Driving while impaired. Also known as
DWI, or (in some states) DUI. It's against the law, and most folks would
tend to agree that that's a good thing. After all, nobody approves
of impaired driving. But when we consider our DWI laws, it's important
that we look at them from a rational point of view. A DWI implies a couple
of things. It implies that someone was driving, sure, but it also implies
that the someone in question was also impaired. That seems intuitive enough, right?
Well, maybe not for everyone in every case.
Last week, the Arizona Supreme Court struck down the State's "per
se" marijuana law. The ruling arose from the case of an Arizona man
named Hrach Shilgevorkyan who was stopped by police for speeding and later
admitted to having smoked marijuana the night before. A blood test was
performed, and it revealed that he did, in fact, have marijuana in his
bloodstream. Specifically, he had an inactive (non-impairing) metabolite
of marijuana in his system. Hrach was prosecuted for DWI driving while
impaired, despite the fact that he didn’t have any active THC (or
metabolite hydroxy THC) in his system. This past Tuesday, Arizona's
High Court said,
"We are not persuaded and reject the State's argument that [the
law] creates a flat ban on the presence of any drug or its metabolite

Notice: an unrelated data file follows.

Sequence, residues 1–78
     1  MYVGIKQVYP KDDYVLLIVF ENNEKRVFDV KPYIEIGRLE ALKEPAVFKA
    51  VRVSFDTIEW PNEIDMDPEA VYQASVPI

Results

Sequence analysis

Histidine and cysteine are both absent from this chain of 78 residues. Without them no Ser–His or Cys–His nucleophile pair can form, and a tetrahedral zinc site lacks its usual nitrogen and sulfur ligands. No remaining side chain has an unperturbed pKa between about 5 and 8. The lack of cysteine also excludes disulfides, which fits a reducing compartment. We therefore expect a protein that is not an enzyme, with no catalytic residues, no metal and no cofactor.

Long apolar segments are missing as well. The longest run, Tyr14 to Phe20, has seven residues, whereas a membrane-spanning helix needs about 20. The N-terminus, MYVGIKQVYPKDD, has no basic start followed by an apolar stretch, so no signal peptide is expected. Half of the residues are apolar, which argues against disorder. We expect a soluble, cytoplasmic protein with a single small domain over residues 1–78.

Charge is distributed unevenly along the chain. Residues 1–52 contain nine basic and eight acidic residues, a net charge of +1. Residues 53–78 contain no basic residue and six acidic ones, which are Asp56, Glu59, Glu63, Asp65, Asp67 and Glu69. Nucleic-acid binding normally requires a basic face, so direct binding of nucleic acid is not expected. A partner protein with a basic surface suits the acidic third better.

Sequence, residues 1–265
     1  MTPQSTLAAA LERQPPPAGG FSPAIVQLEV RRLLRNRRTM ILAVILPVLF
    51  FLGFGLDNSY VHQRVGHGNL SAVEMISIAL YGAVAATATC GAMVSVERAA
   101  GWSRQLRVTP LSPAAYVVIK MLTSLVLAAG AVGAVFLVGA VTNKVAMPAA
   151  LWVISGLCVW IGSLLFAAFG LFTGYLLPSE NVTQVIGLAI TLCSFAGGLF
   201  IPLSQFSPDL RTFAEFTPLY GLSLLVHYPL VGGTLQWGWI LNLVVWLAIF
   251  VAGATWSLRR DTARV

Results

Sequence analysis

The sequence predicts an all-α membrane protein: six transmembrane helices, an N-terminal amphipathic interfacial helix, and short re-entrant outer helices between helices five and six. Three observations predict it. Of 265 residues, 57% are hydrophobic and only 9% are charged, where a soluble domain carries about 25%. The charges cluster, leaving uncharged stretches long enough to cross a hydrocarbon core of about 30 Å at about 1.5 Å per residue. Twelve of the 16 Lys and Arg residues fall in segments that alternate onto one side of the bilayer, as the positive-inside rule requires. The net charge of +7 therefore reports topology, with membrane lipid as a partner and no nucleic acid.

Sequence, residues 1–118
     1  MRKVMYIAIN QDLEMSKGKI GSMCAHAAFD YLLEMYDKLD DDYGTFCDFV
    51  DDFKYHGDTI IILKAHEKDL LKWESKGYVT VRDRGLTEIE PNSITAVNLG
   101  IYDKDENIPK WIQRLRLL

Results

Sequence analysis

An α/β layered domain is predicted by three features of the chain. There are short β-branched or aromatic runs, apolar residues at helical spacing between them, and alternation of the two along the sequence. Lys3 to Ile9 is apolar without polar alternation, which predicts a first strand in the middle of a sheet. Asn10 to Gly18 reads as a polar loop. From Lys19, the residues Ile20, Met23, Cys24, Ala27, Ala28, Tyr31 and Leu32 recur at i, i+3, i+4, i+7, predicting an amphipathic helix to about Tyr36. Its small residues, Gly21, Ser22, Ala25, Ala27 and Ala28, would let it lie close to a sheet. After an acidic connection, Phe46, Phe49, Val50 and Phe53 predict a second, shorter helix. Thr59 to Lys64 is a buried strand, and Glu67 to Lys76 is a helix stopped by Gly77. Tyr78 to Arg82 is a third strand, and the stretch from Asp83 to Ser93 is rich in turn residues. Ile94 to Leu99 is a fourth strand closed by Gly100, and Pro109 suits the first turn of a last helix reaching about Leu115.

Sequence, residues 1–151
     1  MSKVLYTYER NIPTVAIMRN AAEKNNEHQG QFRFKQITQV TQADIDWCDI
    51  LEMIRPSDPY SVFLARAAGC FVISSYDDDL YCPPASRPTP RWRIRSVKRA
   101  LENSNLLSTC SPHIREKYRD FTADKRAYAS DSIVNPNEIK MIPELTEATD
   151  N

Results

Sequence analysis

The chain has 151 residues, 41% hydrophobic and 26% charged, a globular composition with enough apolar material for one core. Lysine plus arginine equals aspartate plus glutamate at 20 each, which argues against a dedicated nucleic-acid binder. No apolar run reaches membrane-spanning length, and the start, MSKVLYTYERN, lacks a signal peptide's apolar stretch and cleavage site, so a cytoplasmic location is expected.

in a person's body while driving or in actual physical control of
a vehicle, even when the only metabolite found is not impairing..."
The Court pointed out that the language of Arizona’s statute doesn’t
make a distinction between a metabolite that causes impairment and one
that doesn’t. Such a statute makes it difficult to determine whether
or not criminal charges are warranted. The State prosecutors argued that
the statute’s reference to “its metabolite” (when referring
to drug compounds detected in a driver’s system) covered all compounds
related to drugs, not just those that actually cause impairment.
The high court panel wrote,
“Most notably, this interpretation would create criminal liability
regardless of how long the metabolite remains in the driver’s system
or whether it has any impairing effect.”
This interpretation “leads to absurd results.”
The opinion affects not only motorists who use marijuana illegally, but
also the estimated 40,000 people who participate in the state’s
medical-marijuana program. Of course, it shouldn’t matter if the
person is legally allowed to ingest pot to treat ailments like chronic
pain or glaucoma; traces of metabolites simply do not prove impairment.
The public can sometimes react with a knee jerk to laws that are labeled
DWI or Driving While Impaired or DUI, but it's important that we don't
lose track of the common sense meaning of the word impairment.